GINS & The Canadian Charter of Rights and Freedoms
- Is there a similar document for the nation in which your issue occurs?
- If so, what rights and freedoms are guaranteed in the document?
- If not, why do you think this is the case? Have there been any attempts to remedy this?
- How might the issue be different if the Canadian Charter were applied?
- Be specific! Which sections would be relevant?
My take on the possible document similar to the Charter in Fahrenheit 451
(I will only thoroughly discuss the most relevant which is mostly fundamental freedoms and partially equality rights and democratic rights.)
Because my book is fictional and is not set in a specified country or time, I decided to take a spin on this assignment and instead of discussing a specified document that contains the rights and freedoms guaranteed, I will be comparing the society to the Canadian charter to try and discover what their founding document could possibly look like.
Throughout the book we hear of this mysterious Constitution, nothing is really said about its specifics but this quote from the book provides insight to its core values:
“No one is born free and equal, as the Constitution says, but everyone made equal. Each man the image of every other; then all are happy, for there are no mountains to make them cower, to judge themselves against!” (Beatty, page 55-56. Bradbury, Ray)
In Canada, we have fundamental freedoms, all of which are not evident throughout the novel. Some of the fundamental freedoms in the charter that are most contradictory with the society in the novel include:
· - Freedom of thought/expression.
Sure the shallow and facile gossip droned by the citizens is expressing their opinion, but is that really freedom? Since you are born, you are raised not by your parents, but by your school. The government raises you to be two-dimensional, without depth or understanding of the world around you, and sucks out your inherent human trait of curiosity. Their thoughts are not their own, but fabricated for them to be “happy” and muted citizens.
- Freedom of the press as well as other media communication.
Of course, as evident by book burning, this is lost in the governments need of control. This quote from the novel explains why they use this form of oppression:
“Coloured people don’t like Little Black Sambo? Burn it. White people don’t feel good about Uncle Tom’s Cabin? Burn it. Someone’s written a book on tobacco and cancer of the lungs? The cigarette people are weeping? Burn the book. …. Burn all burn everything. Fire is bright and fire is clean.” (page 57. Bradbury, Ray)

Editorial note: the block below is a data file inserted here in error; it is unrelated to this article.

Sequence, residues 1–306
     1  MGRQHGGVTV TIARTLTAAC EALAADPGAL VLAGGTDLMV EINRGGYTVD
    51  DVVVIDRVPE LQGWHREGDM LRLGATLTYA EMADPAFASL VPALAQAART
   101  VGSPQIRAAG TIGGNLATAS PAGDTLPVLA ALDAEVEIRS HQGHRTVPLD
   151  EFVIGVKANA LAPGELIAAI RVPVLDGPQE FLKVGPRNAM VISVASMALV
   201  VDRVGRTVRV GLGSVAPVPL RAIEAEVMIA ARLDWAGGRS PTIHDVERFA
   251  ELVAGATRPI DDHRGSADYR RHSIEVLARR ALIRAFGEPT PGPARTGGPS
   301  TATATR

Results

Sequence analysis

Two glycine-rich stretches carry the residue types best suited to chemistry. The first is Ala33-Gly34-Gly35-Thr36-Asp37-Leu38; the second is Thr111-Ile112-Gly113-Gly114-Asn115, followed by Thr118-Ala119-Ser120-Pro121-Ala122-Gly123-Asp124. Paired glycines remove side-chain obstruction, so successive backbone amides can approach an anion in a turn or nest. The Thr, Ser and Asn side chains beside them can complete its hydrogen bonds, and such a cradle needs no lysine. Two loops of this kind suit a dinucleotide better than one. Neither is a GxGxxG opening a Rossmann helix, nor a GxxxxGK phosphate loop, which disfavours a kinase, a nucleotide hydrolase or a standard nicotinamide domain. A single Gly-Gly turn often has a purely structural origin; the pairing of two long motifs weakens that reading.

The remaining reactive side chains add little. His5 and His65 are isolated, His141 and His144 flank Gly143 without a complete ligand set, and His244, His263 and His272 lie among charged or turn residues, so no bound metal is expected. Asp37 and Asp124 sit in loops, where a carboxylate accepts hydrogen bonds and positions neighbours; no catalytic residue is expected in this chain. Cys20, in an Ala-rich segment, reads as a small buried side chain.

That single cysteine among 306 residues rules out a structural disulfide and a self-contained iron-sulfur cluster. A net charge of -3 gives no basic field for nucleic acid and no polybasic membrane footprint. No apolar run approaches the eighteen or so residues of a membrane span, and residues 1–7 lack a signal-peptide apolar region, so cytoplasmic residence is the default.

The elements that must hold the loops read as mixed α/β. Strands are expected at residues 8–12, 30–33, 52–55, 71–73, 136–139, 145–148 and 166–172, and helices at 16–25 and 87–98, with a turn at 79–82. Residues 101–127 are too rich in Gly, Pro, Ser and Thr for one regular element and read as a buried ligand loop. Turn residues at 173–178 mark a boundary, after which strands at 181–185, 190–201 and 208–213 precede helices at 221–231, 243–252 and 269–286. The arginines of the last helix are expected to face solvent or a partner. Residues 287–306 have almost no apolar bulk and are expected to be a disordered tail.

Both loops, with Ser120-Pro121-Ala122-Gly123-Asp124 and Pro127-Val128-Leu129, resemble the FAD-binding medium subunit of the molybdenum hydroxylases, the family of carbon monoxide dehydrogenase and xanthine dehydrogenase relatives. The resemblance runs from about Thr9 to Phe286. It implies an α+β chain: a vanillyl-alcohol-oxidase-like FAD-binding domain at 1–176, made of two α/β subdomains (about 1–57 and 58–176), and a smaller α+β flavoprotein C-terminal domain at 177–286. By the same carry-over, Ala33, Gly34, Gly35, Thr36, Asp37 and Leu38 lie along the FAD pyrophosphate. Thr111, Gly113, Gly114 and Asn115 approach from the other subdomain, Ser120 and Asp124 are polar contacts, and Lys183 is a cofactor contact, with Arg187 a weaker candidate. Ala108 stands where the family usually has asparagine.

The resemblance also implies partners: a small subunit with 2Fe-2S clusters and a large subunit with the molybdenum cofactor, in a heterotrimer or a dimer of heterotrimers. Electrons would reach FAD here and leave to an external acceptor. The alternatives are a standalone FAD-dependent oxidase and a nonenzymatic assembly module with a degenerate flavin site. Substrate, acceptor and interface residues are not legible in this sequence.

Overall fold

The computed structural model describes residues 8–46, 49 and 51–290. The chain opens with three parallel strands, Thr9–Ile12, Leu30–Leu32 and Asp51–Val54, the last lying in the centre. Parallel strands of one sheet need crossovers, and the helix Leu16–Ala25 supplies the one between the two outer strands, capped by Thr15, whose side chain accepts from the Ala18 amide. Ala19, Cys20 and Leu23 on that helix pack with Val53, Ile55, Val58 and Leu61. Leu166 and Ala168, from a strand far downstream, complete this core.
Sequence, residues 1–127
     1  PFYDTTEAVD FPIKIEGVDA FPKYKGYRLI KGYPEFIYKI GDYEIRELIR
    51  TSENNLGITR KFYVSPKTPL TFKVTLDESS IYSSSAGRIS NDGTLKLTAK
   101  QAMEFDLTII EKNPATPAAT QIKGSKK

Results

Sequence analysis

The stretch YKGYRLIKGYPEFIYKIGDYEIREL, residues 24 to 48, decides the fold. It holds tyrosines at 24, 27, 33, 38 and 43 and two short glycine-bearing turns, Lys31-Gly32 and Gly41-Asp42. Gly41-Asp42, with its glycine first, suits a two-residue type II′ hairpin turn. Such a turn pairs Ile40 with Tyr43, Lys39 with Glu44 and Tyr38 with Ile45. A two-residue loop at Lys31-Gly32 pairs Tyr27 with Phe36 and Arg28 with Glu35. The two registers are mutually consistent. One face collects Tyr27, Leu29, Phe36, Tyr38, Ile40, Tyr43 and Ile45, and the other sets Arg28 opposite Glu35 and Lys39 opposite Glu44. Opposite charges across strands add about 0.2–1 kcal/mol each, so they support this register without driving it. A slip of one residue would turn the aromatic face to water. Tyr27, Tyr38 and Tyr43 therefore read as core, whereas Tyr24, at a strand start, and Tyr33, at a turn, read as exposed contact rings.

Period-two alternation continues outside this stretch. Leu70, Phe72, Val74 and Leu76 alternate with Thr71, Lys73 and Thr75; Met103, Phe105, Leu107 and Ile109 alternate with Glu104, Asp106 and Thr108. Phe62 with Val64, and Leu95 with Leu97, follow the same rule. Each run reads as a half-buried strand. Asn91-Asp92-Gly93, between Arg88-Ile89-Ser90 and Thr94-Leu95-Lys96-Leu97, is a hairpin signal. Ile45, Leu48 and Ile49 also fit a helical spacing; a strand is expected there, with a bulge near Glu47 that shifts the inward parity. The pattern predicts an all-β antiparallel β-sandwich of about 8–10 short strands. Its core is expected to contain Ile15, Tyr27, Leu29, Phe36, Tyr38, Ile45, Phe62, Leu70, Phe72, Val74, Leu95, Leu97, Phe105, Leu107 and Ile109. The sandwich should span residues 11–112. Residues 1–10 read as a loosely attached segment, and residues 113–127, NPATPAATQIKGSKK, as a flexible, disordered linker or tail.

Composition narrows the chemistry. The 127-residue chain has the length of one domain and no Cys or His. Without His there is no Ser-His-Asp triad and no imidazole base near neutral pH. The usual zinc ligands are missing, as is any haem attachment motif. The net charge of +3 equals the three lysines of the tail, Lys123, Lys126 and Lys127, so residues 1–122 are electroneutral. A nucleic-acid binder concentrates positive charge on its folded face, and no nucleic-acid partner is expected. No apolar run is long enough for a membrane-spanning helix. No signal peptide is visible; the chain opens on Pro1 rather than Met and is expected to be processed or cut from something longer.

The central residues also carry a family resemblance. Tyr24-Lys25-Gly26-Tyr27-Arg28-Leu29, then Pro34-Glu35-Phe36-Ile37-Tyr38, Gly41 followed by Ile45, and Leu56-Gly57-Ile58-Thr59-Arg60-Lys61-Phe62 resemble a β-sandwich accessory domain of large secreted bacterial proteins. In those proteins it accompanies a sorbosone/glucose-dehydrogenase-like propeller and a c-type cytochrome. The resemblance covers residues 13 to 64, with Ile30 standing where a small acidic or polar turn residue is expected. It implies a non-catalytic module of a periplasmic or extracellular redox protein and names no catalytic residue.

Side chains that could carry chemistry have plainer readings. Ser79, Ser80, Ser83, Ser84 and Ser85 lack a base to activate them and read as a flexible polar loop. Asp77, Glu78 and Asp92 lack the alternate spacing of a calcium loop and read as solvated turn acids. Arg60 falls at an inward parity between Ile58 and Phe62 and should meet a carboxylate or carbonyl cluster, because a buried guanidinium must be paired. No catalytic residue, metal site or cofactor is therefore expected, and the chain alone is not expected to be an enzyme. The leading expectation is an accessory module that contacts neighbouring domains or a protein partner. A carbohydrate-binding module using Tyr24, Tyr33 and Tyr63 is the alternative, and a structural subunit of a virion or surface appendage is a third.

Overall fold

The government equates knowledge with unrest and ignorance with bliss- literally. When Mildred is in the hospital recovering from her attempted suicide, they give her drugs to forget she was unhappy, and she ends up not remembering she ever tried to kill herself. Using methods like this to manipulate people, I’m sure their Constitution says the polar opposite of this fundamental freedom.
The absence of these freedoms makes for a very constricting and dictatorship-like society. Conventions such as books being an illegal commodity or eliminating expressive/open-minded members of society such as Clarisse are evidence that this is by far a government oriented (or planned) society.
“She [Clarisse] didn’t want to know how things were done, but why.” (page 57. Bradbury, Ray)
This demonization and eradication of inquiring and curious people led to the death of creativity and individuality.
Throughout the book, it is obvious that the government prioritizes this over any other rights or even freedoms. The main points from the Canadian Charter of Rights and Freedoms is applicable to the society Bradbury brought to life:
- · Everyone has the right to be free of discrimination because of race, national or ethnic origin, religion, gender, age, or mental/physical disability.
- · Every individual is equal under state of law regardless of factors such as ethnicity, language, gender, or religion.
Guy Montag consistently muses about the similarities between everyone. No evidence is shown to suggest that financial inequity or discrimination based on gender, race, or age, ext.
Little about this is discussed in the book, but there is discussion on politics, which gave insight to the societies/government’s stance on the extent of democratic rights. The online charter mainly prescribes democratic rights as having a right to vote as well as being able to appoint a new government every 5 years by election. By using evidence from the novel, it think it’s fair to insinuate that they have a similar system in place (see following quote):
“I voted last election, same as everyone, and I laid it on the line for President Noble. I think he’s one of the nicest looking men who ever became president.” (page 93. Bradbury, Ray).
Would my novel’s issue be different if the Canadian Charter was used in this society?
Yes. Concerning areas of the document such as equality and democratic rights, it would probably be quite similar but the big difference would come from introducing the fundamental freedoms. Because the people had little to none of the fundamental freedoms included in the Canadian charter, this would produce drastic changes. Without the limitations on what you could and could not express, people would have the freedom to think and do as they want (as long as it did not breach the charter). The freedom of the press and other media communications would introduce the spreading of knowledge and ideas, creating a more inquisitive people. To need think for yourself or to share inquiring ideas is a trait human’s carry with them, and the issue sprouted from denying that trait from being free.